The Fair Work Commission has delayed a move by the VHPA to take industrial action at several Community Health Services.
Shortly before the holiday break, the VHPA applied to the Fair Work Commission for protected industrial action so as to progress negotiations which have seen Community Health Professionals without a pay rise for more than three years.
Members at Banyule, Sunbury and Whitehorse Community Health were seeking action to encourage their management and the Victorian Hospitals Industrial Association (VHIA) to respond to their claims.
However Vice President Watson of the Fair Work Commission found that because the VHPA had been trying all avenues, including a Multi-Party Enterprise Agreement, the hurdle for taking action at individual Services had not yet been jumped.
In his decision Vice President Watson also confirmed that under the Fair Work laws, industrial action cannot be taken in support of a Multi-Party Enterprise Agreement.
While the VHPA does not agree with the Commission’s view that we have not been genuinely trying to reach agreement with individual centres, we believe the decision confirms our strategy of pursuing negotiations with individual Community Health Services.
By negotiating directly with their employer rather than the sector as a group, Community Health Professionals have a much better ability to improve their pay and conditions in a way that suits their Service and, if need be, to take industrial action in support of their claims.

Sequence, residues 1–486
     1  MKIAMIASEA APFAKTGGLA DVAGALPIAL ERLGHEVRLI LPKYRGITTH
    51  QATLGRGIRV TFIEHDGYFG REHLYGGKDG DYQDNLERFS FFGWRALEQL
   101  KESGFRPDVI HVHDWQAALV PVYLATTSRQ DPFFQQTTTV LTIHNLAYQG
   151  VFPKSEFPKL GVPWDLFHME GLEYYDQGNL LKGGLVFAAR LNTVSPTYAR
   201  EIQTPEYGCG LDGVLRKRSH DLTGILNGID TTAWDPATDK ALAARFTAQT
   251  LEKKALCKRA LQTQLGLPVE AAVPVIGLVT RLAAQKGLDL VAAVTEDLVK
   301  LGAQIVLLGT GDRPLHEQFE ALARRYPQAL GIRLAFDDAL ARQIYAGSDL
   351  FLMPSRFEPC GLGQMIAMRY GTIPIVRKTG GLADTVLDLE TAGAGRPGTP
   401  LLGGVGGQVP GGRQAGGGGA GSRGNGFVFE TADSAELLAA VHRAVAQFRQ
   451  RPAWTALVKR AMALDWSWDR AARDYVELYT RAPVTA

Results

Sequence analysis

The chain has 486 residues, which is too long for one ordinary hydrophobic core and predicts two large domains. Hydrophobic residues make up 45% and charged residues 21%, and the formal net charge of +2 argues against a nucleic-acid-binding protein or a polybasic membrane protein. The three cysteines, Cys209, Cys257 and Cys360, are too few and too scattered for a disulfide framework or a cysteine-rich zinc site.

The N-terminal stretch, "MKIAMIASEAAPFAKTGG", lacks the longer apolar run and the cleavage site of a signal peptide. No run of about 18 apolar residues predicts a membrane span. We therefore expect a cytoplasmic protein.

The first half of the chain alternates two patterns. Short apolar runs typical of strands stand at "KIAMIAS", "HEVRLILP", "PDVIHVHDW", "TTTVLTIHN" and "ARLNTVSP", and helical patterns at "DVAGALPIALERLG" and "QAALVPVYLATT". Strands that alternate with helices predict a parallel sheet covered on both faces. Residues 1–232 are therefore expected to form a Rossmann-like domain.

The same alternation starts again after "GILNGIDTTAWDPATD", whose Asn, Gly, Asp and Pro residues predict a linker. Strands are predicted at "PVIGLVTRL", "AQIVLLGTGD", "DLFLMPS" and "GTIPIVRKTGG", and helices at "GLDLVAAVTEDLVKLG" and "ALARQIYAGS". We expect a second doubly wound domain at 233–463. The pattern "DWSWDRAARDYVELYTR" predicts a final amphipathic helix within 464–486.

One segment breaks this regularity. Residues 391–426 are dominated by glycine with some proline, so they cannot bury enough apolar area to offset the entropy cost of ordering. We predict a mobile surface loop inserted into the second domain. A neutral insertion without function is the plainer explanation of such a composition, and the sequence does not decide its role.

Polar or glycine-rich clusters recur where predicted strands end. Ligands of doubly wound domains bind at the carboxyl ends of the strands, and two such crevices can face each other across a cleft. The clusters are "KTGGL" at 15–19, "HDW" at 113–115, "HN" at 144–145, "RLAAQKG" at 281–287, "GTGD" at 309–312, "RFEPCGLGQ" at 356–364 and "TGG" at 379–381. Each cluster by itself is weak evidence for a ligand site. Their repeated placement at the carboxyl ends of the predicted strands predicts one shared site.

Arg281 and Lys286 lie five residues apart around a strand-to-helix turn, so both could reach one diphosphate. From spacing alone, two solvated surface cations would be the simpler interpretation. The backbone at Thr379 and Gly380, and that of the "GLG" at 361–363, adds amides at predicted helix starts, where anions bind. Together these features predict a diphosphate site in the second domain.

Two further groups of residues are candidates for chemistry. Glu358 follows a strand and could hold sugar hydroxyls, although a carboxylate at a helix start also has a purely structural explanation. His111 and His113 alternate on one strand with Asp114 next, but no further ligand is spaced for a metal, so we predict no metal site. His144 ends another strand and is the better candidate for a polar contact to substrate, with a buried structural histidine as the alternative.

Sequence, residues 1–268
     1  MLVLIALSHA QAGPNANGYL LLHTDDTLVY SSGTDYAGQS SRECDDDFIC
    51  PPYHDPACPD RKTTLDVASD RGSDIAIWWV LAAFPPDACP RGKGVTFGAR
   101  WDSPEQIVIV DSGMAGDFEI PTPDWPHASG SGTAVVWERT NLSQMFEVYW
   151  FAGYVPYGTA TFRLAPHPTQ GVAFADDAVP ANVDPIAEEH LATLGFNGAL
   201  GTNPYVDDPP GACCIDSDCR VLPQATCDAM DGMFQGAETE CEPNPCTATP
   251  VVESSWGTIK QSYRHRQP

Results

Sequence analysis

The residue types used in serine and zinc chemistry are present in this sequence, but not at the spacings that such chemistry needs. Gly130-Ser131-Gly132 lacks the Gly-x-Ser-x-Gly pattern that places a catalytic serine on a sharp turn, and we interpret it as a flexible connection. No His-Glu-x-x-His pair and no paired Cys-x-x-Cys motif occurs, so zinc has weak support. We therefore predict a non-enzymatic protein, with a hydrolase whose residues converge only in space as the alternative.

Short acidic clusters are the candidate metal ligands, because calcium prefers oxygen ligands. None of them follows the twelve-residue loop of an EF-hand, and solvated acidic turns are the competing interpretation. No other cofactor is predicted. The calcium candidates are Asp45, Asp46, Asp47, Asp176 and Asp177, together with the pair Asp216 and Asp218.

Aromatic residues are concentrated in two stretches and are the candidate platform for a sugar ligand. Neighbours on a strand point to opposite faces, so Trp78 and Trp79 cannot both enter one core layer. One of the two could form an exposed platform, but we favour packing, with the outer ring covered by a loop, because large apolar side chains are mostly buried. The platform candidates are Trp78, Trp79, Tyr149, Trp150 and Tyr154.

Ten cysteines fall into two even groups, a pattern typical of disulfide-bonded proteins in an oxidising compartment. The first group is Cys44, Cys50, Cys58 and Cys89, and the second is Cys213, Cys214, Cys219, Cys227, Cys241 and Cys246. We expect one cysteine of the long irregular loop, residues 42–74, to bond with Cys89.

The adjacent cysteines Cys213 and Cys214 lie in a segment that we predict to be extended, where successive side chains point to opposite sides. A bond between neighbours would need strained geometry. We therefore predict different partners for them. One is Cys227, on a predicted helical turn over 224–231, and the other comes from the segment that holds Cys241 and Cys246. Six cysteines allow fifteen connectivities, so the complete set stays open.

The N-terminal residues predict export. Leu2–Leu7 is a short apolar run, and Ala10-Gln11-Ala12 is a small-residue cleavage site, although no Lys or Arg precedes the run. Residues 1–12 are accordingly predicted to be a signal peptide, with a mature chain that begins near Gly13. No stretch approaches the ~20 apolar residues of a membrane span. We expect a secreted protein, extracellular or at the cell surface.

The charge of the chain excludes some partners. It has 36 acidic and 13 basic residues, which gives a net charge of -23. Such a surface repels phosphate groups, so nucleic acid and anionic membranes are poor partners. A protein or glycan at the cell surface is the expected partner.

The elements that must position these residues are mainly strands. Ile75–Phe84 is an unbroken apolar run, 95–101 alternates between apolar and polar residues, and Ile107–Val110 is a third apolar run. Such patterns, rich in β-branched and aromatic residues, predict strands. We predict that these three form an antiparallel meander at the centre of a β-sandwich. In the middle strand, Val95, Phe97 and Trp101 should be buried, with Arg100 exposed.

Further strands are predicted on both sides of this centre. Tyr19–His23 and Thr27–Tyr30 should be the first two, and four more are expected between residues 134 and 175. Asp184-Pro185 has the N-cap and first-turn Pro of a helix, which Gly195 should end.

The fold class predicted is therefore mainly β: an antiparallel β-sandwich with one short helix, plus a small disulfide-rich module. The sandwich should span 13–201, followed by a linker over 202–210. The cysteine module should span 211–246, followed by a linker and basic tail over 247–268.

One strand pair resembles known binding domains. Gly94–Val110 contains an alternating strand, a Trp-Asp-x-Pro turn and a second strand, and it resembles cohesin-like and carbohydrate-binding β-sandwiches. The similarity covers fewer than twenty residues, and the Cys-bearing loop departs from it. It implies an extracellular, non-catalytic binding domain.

The fact that protected industrial action cannot be taken in support of Multi-Party Enterprise Agreements illustrates how little power Community Health Professionals have had to influence the outcome of negotiations for the sector in the past.
“The VHPA has now written to management in all the Community Health Services that we have had negotiation meetings with, as well as the VHIA, to request a second round of negotiations,” said Grant Forsyth, VHPA Organiser.
“We have requested the VHIA allow for meetings at four Services a week so that we can progress negotiations as quickly as possible. We will also be contacting the Services that we have yet to meet with to arrange meetings as soon as possible.”
“Thanks to all those Community Health members who participated in our recent industrial action survey.”
“We had an overwhelming response and it is clear that if and when we need to take action in the coming months the vast majority of members are willing to take part.”
“Knowing this means we now have a much stronger position at the bargaining table,” said Grant Forsyth.